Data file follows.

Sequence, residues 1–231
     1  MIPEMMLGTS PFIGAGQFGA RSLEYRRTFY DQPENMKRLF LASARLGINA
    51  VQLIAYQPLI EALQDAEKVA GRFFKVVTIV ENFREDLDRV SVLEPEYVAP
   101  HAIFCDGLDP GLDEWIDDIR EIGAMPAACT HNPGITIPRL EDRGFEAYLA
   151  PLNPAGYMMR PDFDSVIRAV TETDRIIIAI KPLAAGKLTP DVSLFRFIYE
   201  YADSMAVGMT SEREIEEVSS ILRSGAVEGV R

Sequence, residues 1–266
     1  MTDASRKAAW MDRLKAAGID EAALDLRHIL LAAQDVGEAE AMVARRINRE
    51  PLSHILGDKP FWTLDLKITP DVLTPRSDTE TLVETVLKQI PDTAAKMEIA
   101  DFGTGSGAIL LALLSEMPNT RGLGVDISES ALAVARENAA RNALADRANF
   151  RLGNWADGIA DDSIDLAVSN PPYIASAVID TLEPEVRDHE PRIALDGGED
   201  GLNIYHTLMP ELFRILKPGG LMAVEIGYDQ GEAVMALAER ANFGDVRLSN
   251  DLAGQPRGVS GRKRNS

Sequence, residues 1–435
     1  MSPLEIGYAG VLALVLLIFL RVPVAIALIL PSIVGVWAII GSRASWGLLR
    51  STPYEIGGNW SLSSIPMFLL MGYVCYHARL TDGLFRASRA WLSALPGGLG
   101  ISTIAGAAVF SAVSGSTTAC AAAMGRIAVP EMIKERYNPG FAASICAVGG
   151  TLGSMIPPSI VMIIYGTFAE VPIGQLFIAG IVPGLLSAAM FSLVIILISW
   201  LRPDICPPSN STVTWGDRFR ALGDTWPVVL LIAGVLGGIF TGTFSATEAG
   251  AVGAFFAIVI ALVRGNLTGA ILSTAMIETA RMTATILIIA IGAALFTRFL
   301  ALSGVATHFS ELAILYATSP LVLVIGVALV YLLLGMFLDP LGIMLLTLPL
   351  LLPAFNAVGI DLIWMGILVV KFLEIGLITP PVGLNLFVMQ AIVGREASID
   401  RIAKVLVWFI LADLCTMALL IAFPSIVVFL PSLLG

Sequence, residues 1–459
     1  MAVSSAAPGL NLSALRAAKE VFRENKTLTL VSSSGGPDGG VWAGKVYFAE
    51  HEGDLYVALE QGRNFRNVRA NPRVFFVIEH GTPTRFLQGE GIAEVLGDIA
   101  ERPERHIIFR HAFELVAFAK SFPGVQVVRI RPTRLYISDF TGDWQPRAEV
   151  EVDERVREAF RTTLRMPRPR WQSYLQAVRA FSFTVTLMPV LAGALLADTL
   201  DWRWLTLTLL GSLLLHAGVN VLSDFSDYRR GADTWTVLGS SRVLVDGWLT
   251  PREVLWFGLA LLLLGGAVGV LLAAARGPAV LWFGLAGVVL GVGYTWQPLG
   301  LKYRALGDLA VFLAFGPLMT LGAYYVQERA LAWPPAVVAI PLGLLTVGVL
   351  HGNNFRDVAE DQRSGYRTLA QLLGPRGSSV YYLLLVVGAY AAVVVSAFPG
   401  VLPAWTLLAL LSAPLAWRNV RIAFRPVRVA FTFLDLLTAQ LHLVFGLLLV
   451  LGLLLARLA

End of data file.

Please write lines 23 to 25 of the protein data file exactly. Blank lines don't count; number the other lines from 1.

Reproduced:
   401  RIAKVLVWFI LADLCTMALL IAFPSIVVFL PSLLG

Sequence, residues 1–459
     1  MAVSSAAPGL NLSALRAAKE VFRENKTLTL VSSSGGPDGG VWAGKVYFAE